Christmas rosemary will scent your holidays

Christmas rosemary
Rosemary plants can be found in local nurseries and outlets. John Zvirovski / The Sun

The Christmas holidays are filled with the scents of the season. The most common smells are of fresh pine boughs, the light aromas of cinnamon and ginger, and the heady scents of frankincense and myrrh. Along with these aromatic items is the sacred herb of the Christmas rosemary.

In recent years, the Christmas rosemary has been sold in nurseries and floral shops as plants trimmed in the shape of miniature Christmas trees. Many are decorated in trimmings of red, white and gold and have a wonderful scent. Many people are curious where the story of the Christmas rosemary originated.

It has been told that on the day when Christ was brought into the world, Mary laid her blue cloak upon a white blooming rosemary plant while she rested. In deep reverence for the coming Christ child, the flowers turned an adoring shade of blue. It was given the name of the Rose of Mary, which later became the rosemary plant we know today.

From that time, the Christmas rosemary was used in homes during the holiday season to welcome the spirit of Christ into their homes. It is one of the most common herbs used during the holiday decorating period.


If you happen to receive a gift of Christmas rosemary during the holidays, make sure it is planted in a pot large enough to hold the rootball. Many of the rosemary trees that are sold are large and planted in small containers. If they are in these containers for any period of time, they will not absorb the moisture requirements they need to stay fresh. Unlike many other plants, the leaves of the rosemary do not wilt when they are dry, but rather, just dry up. So keep a watchful eye on their freshness.

If your plants are in a container that is too small, replant them into a larger container as soon as possible and water them whenever the soil has become dry. Never allow them to sit in water for any period of time, as this will cause the roots to suffocate. Also, place them in the brightest light possible for growing indoors. Once spring has arrived, these plants can be placed outdoors in their containers or planted into the ground.

Plant them in a soil that is well-drained and in full sunlight. They prefer a more neutral soil over one that is acidic or alkali. They can handle sandy soils as long as they receive frequent irrigation.

Rosemary plants can be trimmed to maintain a compact shape and work well for topiary projects. Native from the Mediterranean region, these plants are not hardy for our area during the winter season, so they must be brought indoors if you want to keep them from year to year. Most will only grow to areas that get no colder than 35 degrees in the evening.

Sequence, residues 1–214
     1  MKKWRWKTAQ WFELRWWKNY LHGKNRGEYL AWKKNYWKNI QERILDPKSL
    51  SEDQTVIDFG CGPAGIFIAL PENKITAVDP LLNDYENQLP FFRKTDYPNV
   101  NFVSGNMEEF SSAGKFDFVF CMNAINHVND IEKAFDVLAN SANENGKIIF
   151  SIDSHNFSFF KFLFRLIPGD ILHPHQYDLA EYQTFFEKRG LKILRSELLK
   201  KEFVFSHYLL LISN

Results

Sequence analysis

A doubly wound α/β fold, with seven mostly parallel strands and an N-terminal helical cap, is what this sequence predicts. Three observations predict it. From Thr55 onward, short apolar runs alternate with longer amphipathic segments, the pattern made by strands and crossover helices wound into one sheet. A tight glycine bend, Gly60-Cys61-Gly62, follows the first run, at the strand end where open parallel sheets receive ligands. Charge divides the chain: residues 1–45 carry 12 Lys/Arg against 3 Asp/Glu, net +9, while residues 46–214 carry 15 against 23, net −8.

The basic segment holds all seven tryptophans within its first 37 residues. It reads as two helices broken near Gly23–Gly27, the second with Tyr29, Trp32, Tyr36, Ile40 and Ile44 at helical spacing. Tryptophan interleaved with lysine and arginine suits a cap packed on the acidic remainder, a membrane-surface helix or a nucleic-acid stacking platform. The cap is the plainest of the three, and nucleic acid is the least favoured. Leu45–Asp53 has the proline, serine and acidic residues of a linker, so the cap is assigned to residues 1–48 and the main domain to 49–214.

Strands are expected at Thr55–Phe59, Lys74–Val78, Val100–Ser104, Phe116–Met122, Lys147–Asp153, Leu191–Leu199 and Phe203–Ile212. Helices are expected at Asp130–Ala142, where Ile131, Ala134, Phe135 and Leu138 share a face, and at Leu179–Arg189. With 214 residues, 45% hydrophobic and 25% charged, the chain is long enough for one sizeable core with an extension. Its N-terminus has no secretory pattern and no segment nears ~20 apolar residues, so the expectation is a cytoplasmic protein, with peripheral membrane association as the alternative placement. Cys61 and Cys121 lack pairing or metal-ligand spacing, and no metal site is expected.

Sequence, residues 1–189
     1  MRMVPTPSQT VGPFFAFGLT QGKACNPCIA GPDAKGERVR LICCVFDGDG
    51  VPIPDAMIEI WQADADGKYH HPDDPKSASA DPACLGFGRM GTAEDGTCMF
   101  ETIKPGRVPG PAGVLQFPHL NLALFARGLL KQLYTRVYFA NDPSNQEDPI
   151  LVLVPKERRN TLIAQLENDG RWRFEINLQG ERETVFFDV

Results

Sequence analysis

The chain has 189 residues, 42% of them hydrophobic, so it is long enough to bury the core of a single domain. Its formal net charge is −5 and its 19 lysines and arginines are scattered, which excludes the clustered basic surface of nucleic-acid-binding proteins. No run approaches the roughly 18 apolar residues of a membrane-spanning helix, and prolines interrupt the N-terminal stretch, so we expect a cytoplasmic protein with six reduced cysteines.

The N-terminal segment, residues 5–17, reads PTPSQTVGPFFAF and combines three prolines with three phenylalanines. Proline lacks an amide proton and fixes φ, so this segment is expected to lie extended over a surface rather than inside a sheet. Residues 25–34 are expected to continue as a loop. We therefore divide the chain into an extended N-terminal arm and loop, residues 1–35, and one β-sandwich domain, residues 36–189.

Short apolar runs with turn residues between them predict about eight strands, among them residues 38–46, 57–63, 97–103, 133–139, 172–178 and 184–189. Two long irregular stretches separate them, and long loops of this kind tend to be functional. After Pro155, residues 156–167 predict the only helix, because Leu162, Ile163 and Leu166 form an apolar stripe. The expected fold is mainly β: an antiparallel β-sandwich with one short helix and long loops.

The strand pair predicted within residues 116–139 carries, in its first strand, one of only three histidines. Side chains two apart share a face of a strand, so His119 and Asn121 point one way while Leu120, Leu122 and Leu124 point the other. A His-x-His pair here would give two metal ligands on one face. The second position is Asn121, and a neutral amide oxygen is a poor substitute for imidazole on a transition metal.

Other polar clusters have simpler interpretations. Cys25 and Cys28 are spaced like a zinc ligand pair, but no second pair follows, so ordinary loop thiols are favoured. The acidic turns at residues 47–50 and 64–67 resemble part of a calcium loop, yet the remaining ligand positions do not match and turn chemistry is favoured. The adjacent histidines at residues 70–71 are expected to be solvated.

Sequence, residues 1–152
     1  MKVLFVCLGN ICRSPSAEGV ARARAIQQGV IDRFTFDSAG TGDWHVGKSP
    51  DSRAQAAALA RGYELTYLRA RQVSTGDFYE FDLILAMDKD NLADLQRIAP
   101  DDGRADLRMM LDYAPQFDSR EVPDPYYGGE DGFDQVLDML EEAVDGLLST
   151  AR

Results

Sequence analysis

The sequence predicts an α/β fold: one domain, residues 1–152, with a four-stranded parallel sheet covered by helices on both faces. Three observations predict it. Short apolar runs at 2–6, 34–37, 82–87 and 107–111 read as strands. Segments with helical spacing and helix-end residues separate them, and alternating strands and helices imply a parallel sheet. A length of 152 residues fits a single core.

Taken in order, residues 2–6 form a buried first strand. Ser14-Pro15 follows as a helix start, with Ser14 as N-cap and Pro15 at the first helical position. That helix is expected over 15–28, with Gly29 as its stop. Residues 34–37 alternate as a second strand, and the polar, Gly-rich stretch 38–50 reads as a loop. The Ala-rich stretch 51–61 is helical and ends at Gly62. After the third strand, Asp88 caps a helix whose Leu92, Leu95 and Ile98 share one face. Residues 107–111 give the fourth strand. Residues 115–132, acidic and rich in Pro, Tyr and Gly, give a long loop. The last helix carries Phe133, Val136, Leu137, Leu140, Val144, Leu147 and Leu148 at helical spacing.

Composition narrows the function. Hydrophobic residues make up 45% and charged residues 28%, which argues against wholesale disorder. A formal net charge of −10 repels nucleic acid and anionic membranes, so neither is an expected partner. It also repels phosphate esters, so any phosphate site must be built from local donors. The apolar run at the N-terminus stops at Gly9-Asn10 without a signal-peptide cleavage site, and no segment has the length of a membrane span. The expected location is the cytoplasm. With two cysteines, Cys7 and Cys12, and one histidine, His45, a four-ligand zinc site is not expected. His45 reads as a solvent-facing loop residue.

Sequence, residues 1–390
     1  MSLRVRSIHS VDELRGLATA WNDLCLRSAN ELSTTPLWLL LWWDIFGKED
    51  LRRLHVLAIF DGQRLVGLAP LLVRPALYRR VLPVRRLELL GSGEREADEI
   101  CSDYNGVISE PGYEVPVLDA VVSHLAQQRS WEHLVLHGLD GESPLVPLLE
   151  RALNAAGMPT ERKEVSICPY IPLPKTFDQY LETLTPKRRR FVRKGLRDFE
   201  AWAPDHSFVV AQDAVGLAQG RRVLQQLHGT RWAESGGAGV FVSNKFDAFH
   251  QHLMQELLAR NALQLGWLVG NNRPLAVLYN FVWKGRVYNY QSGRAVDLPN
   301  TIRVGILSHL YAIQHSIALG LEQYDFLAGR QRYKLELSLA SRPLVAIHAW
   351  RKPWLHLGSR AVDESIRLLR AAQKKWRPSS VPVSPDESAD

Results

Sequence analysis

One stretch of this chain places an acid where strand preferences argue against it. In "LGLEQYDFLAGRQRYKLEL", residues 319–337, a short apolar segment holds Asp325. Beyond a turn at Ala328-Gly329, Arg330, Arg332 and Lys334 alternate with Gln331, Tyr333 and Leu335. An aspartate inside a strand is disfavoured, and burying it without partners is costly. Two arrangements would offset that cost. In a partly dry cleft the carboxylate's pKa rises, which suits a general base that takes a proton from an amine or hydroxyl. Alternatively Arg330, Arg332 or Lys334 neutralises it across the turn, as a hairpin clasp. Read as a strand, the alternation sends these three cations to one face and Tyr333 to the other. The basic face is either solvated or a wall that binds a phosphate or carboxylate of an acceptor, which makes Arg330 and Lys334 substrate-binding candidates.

When growing, they are considered a small woody, perennial evergreen, herb that can reach heights of 5 feet. They have dense branches with leaves that are about an inch long. These leaves are narrow and resemble the flat needles of hemlock, which are green on the surface and silvery-white on the underside. When rubbed, their aromatic scents fill the air with a pleasant and relaxing essence.

Rosemary plants are one of the most common herbs used in cooking today. They are commonly used in flavoring roasted vegetables and meats such as lamb, pork, chicken, and turkey. Some people use fresh sprigs to place into their cooking vessels and remove these sprigs after the cooking is complete. Some dry the leaves and use them in cooking and eat them whole.

If cooking with just the leaves, take the bare stems and use them to place on hot coals when grilling meats and vegetables. The aroma produced from the burning stems will flavor the food in a subtle way. If not grilling, try saving them to burn in the fireplace to add an herbal scent to the room for a relaxing atmosphere.

Rosemary sprigs have also been commonly used in wardrobes and closets to kill cloth-eating insects. It is a much better alternative over the scent of mothballs that have been used for years. I would much rather smell the fresh scent of rosemary over the horrid scent of mothballs any day.


Not only is rosemary good for maintaining the quality of clothes and for culinary purposes, but it also has many medicinal properties to aid us. This herb is high in calcium, vitamin B6 and iron. Use it fresh to get the most out of its nutritional value. It has been used in the improvement of memory along with assisting in preventing dandruff when used in certain types of shampoos.

The Christmas Rosemary is a scared herb that should be added into our daily lives during the holiday season and beyond. Why not welcome Christ into your home during this holiday season with the wonderful scent of the rosemary plant. It will bring you closer together and allow you to relax with its therapeutic qualities. If it doesn’t add peace to your home, it can always be used for cooking!

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